A project designed to encourage modal shift from a road notorious for its traffic delays over many years, the judges were impressed with the bus ridership gains in a very short time, reducing congestion and improving the environment in this densely-populated area, and showing what BRT is capable of. As another impressive public/private partnership, the real potential of the scheme to substantially affect modal split and increase bus use over a wider area will come when the planned future stages of the project are funded and implemented.
Go Ahead Group, The Key ITSO Smartcard
The Key smartcard is a transformational ticketing project which has made bus travel simpler. Go-Ahead has introduced a number of new products which better meet customers’ changing needs and make them easier and cheaper to purchase and use. The Key speeds up boarding times and has also helped to meet the DfT’s objective of a comprehensive, interoperable smart ticketing system across the country.
Whilst smartcards are increasingly part and parcel of the offering of many bus companies, the judges were enthused not only by what had been achieved so far following extensive market and ergonomic research, but also by the potential of The Key and especially the plans to take the product into areas affecting the wider lifestyle of bus passengers, emulating the initiatives of leading companies in the wider retail sector.
Stagecoach East, The Busway
The long-awaited opening of the world’s longest guided busway in has provided Stagecoach East with the opportunity to raise the profile of bus travel in Cambridgeshire. Gold standard buses with air conditioning, leather seats and wi-fi – running on bio fuel – take advantage of the unique benefits of the Busway. Success exceeds expectations and the growth goes on and on…. Since the opening of the Busway in August 2011, passenger numbers on the same corridor have doubled compared to the pre-Busway service - that is of course on top of the 30% growth achieved by the high profile buses before they actually took to the Busway.
The judges felt that the way passenger numbers had increased substantially above and beyond the initial projections has shown just what a well-delivered BRT scheme, using high quality buses, well-trained drivers, and achieving the highest levels of reliability and punctuality, can achieve. The problematic delivery of the project should not detract from what it is achieving now it is in operation – the results show it has been well worth the wait!
Who could be nominated?
Entries were welcomed from operators, authorities and others specifying and securing services, partnerships and tourist agencies.
… and by whom?
Nominations were accepted from all eligible organisations and self-nomination was acceptable.
Criteria and Entry Requirements
The judges were looking for entries which added value to, or otherwise improved, bus services by making them faster, more efficient, offered improved passenger facilities or otherwise able to provide a better service. Decisions were based on the quality of the submissions made and the extent to which they addressed the criteria.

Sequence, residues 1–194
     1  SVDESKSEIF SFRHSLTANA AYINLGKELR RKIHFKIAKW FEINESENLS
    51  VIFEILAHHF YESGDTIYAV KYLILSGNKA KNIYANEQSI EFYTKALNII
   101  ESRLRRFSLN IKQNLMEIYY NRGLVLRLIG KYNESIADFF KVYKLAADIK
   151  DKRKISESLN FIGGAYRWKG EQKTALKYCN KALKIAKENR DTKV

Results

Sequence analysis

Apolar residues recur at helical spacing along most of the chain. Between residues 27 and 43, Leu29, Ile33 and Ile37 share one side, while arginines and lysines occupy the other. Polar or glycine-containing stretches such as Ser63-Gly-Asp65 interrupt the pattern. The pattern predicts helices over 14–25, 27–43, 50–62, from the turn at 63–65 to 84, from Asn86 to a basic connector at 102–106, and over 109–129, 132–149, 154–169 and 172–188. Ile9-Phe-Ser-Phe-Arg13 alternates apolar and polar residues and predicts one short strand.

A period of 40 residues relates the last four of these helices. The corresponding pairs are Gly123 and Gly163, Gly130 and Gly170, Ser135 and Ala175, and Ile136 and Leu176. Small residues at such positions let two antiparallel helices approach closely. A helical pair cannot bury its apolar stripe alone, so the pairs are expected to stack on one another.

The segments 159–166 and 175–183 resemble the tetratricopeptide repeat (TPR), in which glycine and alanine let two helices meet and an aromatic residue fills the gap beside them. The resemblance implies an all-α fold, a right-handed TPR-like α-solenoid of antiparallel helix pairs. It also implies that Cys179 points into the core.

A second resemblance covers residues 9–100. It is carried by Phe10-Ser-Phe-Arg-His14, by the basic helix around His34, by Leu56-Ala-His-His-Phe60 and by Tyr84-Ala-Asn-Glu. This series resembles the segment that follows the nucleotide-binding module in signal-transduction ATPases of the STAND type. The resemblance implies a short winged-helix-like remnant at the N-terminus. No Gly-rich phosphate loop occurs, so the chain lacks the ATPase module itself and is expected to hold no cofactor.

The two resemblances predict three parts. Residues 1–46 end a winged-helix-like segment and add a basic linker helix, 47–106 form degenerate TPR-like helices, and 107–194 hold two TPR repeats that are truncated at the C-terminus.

Note that where schemes have equal or equivalent merit, the final determinants were the nature and extent of improvements for customers and the degree of priority accorded to buses.
Entry submissions were therefore required to:
- Describe the services or schemes involved.
- Describe the objectives set for the initiative.
- Describe how the needs of existing and potential additional passengers, including those with mobility difficulties, were met
- Describe any environmental benefits and show how any environmental impacts were minimised
- State whether a partnership was involved. This may include service specification and financing and any interested bodies, including local authorities, local bus operators and other commercial organisations or user, leisure and tourist representative groups
- Describe how:
- needs and potential needs were assessed, including details of market evaluation and customer research
- potential customers were informed of the improved or new product(s)
- interest in, or desire for, the product(s) was assessed
- customers’ access to the product(s) was facilitated.
- Indicate the methods used to measure:State whether any subsequent changes were made as a result of the monitoring
- the progress made towards meeting the objectives
- overall patronage
- the impact of promotional campaigns before, during and after the initiative
- Supply statistical evidence showing the results of the initiative in terms of patronage, revenue or other appropriate indicators and modal shift.
- State whether the results are likely to be sustainable
- Describe any future plans for further development
- Include any relevant supporting material.